Dr. Minturn relayed to the students that while the job and the chance of not making progress can be challenging and disheartening, the rewards outweigh the challenges.” For me personally, “Minturn commented, “it’s hard when I’m not finding anything, or when I have to walk away from a site without any positive results. Sites that are physically challenging, like being incredibly steep or incredibly hot, or have lots of leeches, are difficult to stay focused on sometimes!”
The US military give their members a promise that no one will be left behind, and that means even when someone goes missing, they (the military) will attempt to recover his or her remains so they may rest in peace on U.S. soil. Dr. Minturn revealed the satisfaction that making progress invokes in her,” This {job} allows me to show our military that I support them and appreciate the sacrifices they’ve made for me. Being able to see that someone we helped locate has been returned to their family is a wonderful feeling. Meeting the families and seeing how much it means to them that the US kept their promise (even after 50, 60, 70 years!) is a wonderful benefit of the job.”
Many students had a similar reaction to the experience (fieldtrip), as Minturn has when doing her job. Although the field trip lasted for a mere 3 hours, it has left a lasting impact on the students in attendance. AP senior, Natalie Ruckman was inspired by this amazing opportunity, to pursue a career in math or science and IB senior Madison Reed shared that, “I had a great experience learning that we have the technology right here in Nebraska to find people’s family members and friends that have been missing for decades. It is inspiring to know that families can finally be at ease and are finally able to bury their lost family/friends”. Reed and Luka Morris expressed that they were not sure what to expect before the excursion occurred but found the trip to be a fascinating experience.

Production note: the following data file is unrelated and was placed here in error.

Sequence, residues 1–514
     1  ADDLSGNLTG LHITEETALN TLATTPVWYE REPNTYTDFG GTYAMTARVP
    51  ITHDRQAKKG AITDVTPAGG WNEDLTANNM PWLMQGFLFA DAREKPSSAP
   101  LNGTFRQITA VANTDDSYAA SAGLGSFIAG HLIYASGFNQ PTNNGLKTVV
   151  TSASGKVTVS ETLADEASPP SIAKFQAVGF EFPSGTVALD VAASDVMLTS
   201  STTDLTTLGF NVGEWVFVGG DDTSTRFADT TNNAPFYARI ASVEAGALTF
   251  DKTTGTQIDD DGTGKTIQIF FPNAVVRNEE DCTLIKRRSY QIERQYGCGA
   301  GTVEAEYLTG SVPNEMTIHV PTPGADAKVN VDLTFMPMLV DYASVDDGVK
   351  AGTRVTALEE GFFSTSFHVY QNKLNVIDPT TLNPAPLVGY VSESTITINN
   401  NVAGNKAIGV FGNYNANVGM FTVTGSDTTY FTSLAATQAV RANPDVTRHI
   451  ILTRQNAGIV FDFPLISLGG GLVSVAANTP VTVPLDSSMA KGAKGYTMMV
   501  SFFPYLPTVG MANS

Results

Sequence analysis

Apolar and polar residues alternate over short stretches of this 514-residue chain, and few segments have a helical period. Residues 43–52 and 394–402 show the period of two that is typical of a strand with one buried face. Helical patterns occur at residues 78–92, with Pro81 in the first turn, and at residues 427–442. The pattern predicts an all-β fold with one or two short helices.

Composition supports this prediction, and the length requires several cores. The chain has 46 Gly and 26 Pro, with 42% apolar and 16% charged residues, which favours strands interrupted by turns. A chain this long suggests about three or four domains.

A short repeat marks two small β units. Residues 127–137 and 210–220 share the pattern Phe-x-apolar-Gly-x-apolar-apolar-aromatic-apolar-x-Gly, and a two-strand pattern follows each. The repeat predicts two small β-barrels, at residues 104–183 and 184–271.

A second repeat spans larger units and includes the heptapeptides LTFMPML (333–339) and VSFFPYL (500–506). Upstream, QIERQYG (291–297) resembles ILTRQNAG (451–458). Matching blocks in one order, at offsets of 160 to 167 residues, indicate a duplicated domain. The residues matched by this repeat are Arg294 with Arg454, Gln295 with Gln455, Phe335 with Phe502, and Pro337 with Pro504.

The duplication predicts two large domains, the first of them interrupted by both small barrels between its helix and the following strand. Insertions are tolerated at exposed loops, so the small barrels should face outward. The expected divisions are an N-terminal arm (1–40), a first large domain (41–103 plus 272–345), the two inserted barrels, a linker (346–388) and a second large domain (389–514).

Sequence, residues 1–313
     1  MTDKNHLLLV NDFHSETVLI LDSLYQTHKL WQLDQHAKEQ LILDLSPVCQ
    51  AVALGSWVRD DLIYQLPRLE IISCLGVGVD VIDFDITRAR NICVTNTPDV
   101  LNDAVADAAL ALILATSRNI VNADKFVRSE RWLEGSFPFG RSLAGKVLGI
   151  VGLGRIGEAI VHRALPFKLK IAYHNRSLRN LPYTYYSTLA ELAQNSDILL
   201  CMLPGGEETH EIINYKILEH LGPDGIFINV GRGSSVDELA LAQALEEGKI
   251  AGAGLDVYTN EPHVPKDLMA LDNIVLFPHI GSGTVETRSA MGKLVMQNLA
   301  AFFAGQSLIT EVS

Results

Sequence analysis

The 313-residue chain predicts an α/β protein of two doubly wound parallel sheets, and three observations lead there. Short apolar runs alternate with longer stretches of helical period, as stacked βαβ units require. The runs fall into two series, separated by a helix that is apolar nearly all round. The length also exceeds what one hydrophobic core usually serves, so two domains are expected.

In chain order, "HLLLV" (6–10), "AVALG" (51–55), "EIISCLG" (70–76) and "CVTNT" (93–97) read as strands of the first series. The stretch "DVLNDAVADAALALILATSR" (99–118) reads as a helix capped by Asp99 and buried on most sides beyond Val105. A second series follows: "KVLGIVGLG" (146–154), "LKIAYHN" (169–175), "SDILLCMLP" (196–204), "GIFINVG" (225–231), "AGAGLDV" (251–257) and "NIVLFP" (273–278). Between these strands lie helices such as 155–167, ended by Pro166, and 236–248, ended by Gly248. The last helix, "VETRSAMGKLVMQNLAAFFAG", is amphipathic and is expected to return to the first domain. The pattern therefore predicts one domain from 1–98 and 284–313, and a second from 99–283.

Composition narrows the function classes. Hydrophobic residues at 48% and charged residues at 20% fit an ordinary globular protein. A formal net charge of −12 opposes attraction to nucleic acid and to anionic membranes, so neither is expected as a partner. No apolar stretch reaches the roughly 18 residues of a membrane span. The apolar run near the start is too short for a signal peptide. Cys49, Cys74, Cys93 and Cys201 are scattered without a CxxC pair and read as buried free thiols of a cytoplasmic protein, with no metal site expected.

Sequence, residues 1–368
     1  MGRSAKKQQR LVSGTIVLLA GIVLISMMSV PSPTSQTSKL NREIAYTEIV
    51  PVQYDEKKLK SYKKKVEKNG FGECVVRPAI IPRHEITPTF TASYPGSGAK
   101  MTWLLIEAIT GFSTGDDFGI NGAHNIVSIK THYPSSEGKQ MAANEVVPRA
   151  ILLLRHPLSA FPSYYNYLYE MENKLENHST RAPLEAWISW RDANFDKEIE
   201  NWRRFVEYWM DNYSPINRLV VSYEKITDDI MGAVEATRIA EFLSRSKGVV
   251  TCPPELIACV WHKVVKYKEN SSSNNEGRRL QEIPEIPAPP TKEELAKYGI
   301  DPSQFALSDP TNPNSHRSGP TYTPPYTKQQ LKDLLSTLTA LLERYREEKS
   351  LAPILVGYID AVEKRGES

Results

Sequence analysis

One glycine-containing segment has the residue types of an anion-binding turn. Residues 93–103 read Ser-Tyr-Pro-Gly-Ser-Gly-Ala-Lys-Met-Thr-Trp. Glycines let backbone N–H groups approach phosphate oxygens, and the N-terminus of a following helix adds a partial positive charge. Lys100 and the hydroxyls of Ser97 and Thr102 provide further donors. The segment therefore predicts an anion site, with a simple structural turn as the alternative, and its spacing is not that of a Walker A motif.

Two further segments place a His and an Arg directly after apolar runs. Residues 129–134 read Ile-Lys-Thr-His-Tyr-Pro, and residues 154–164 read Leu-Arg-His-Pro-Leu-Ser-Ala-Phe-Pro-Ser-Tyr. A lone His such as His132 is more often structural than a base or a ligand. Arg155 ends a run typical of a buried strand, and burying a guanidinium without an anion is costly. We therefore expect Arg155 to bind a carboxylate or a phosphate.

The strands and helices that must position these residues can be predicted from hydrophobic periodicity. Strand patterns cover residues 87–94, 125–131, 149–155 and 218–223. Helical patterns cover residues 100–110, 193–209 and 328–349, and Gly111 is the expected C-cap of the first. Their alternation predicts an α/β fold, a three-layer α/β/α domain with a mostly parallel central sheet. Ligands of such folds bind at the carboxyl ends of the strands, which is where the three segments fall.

Reed confirmed that fieldtrips such as this, enhance and help students understand history in its full importance and comprehend its true impact on the present, “I think learning that there are over 400 lost soldiers just from the U.S.S. Oklahoma that sunk during the Pearl Harbor attack was wildly interesting. I think a lot of people don’t realize how many lives were lost that day, and it was interesting to learn that after some of the ships were raised, people had to go in and look for remains that had been underwater for several decades. What’s more interesting is the fact that they have been able to identify about half of the soldiers from the U.S.S. Oklahoma after decades of being lost.”